Over the weekend, hacktivists conducted distributed denial-of-service DDoS attacks on the websites of four International banks including the Central Bank of Kenya (CBK).
The other banks include National Bank of Panama, Central Bank of Bosnia and Herzegovina and Maldives Monetary Authority.
According to Hacknews, hacktivists only referred to as Anonymous and Ghost Squad began conducting cyber attacks on banking websites worldwide over a week ago.
This particular hack is said to have been executed by Ghost Squad on Saturday morning. All of the sites are now back online, an event that might go unnoticed to most people.
Screenshot showing all four banks were down after the attack
The National Bank of Panama was of special interest to the hackers due to the recently leaked documents known as Panama Papers.
The operation by hacktivists is against banks and financial institutions around the world. The hacktivists believe banks are controlling the world’s economy, promoting and hiding corruption at governmental and private level.
Following the receivership of Chase Bank Kenya over financial trouble, the Central Bank of Kenya (CBK) has announced that the bank will reopen on April 27 under the Kenya Commercial Bank’s (KCB) management.
Customers will have immediate access to their deposits up to a maximum of Sh1 million, CBK says.
167,290 accounts, equivalent to 97 per cent of accounts or 6 per cent of total deposits, will have their funds available in full.
The deal with Kenya Deposit Insurance Corporation, signed at 8.30am on Wednesday, will see the bank’s 62 branches reopened by next Wednesday, April 27 2016.
The CBK had received nine proposals, including six from local investors, two foreign and one from existing Chase Bank shareholders. The bank’s shareholders had proposed to inject more cash for its revival.
KCB was chosen for their offer to re-open the bank immediately as well as their credibility and cash to support operations. The reopening will be followed by their eventual acquisition of a majority stake in the bank.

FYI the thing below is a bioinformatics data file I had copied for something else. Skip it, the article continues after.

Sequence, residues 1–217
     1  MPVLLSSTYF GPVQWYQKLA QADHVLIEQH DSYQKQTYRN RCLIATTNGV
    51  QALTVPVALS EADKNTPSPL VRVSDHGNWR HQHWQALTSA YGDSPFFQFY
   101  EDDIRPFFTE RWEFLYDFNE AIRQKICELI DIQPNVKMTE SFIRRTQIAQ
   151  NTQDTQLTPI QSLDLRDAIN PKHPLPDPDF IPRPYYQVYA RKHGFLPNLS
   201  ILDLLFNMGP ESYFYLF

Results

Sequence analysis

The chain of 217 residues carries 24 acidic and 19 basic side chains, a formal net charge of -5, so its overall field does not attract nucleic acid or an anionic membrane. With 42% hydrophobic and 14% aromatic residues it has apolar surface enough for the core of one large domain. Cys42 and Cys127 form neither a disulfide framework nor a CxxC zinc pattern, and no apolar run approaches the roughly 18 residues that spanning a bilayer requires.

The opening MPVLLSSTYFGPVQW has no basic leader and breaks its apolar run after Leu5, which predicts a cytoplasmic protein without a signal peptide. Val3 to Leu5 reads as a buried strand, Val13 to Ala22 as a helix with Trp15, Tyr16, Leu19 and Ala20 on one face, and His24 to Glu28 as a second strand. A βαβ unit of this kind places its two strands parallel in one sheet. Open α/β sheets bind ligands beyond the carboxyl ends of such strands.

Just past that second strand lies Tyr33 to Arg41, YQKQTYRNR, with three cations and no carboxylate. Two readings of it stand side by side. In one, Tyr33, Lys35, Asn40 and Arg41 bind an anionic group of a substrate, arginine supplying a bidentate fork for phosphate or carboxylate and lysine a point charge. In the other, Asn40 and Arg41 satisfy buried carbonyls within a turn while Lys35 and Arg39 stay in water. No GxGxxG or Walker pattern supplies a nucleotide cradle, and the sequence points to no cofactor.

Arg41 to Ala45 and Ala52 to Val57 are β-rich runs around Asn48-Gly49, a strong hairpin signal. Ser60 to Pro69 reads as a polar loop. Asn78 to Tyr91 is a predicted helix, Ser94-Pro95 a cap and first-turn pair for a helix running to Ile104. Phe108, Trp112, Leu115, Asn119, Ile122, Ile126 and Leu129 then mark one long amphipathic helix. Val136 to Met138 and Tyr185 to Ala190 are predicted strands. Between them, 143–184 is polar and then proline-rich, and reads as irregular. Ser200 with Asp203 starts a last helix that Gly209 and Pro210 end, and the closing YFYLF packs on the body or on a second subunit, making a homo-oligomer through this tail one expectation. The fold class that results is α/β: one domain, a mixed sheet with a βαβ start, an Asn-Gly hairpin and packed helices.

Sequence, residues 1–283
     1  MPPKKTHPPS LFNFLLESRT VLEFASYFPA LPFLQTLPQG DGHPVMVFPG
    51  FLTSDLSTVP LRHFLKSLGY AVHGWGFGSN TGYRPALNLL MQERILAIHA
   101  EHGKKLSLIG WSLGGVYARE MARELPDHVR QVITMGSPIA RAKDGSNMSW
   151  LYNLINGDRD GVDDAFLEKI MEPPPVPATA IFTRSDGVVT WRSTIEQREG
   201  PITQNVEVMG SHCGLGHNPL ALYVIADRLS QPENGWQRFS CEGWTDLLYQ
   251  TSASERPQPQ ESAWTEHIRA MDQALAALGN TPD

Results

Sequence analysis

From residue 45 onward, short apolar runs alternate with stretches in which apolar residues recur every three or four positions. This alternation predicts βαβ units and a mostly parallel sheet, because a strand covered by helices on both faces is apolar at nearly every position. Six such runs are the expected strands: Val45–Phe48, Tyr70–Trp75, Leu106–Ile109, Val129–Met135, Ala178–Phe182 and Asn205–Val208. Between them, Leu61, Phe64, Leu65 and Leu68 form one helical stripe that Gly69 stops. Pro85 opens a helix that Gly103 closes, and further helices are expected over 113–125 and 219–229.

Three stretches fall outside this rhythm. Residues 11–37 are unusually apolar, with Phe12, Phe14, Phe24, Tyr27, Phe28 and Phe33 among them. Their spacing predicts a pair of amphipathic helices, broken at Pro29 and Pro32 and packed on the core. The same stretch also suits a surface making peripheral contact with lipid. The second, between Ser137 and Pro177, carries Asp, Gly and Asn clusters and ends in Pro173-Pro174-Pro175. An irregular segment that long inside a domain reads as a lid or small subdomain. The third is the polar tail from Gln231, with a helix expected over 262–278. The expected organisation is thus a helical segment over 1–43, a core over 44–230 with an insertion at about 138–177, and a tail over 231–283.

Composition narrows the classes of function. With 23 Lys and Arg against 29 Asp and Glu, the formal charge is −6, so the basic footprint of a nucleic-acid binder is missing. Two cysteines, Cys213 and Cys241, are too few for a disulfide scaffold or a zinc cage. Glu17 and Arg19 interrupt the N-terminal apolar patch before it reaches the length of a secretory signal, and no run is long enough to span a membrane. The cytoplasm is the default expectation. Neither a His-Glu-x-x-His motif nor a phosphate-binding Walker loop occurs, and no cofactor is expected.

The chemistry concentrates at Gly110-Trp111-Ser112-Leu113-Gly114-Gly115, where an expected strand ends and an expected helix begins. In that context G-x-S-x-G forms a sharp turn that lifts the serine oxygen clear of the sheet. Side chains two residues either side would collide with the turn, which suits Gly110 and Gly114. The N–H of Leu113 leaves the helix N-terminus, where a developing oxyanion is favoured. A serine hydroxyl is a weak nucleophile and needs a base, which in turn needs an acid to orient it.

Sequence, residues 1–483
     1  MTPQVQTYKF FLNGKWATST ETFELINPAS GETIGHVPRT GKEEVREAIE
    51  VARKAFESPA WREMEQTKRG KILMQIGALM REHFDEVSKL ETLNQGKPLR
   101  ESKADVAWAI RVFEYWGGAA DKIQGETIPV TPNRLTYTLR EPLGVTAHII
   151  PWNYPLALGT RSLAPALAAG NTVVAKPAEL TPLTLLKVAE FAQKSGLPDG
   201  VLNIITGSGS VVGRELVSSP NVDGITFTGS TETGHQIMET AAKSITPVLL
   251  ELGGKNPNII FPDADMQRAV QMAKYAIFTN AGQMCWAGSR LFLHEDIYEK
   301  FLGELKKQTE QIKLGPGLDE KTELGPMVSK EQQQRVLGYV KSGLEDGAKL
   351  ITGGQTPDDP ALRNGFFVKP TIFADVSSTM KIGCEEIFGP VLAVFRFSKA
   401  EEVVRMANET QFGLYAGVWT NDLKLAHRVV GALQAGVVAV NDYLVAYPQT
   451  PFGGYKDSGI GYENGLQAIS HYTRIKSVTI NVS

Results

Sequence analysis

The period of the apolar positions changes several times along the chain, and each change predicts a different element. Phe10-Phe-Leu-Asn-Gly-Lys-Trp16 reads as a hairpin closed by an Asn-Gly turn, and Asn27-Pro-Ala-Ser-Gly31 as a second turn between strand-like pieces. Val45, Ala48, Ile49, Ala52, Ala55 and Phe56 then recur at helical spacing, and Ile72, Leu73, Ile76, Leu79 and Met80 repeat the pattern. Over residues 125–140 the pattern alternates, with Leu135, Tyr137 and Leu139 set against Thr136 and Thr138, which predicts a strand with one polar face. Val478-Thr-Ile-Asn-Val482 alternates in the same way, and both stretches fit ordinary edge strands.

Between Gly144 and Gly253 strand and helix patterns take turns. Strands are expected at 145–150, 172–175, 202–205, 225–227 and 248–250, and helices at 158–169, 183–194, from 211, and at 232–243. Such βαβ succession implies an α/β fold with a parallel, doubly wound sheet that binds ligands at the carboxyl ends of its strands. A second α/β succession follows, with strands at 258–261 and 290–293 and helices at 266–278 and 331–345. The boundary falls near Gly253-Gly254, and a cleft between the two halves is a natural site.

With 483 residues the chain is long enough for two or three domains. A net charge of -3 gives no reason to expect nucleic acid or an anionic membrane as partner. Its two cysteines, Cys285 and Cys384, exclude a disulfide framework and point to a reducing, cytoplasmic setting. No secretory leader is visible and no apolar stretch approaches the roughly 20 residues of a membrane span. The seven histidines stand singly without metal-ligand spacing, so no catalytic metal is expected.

Other announcements from the acquisition are as follows
Deposits in excess of Ksh.1 million will be made available in a structured manner, details of which will be released in the near future.
The moratorium on payments to creditors and lenders remains in place. However, the Manager will correspond with them in the near future with details of how these would be dealt with.
Ongoing efforts to collateralize existing loans and recover funds that were obtained irregularly or are non-performing will be stepped up. Existing borrowers are required to continue servicing their facilities.
CBK and KCB will ensure that Chase Bank Ltd (In Receivership) will have adequate liquidity for its operations.
KCB will make available a management team that will assist in the receivership.
Seventeen (17) financial institutions are currently under liquidation in Kenya.
Liquidation is an event that usually occurs when a company is insolvent, meaning it cannot pay its obligations as and when they come due. The company’s operations are brought to an end, and its assets are divided up among creditors and shareholders.
The following banks are currently under liquidation in Kenya, some of which payments to customers and shareholders is underway through the Kenya Deposit Insurance Corporation.
Post Bank Credit Ltd.
20th May 1993
Meridien BIAO Ltd.
15th April 1996
Ari Bank Corporation Ltd.
5th December 1997
Reliance Bank Ltd.
12th September 2000
Trade Bank Ltd.
18th August 1993
Thabiti Finance Co. Ltd.
19th December 1994
Fortune Finance Co. Ltd.
14th September 2000
Daima Bank Ltd.
13th June 2005
Dubai Bank Kenya Ltd.
24th August 2015
Prudential Building Society
18th January 2005
Middle African Finance Ltd.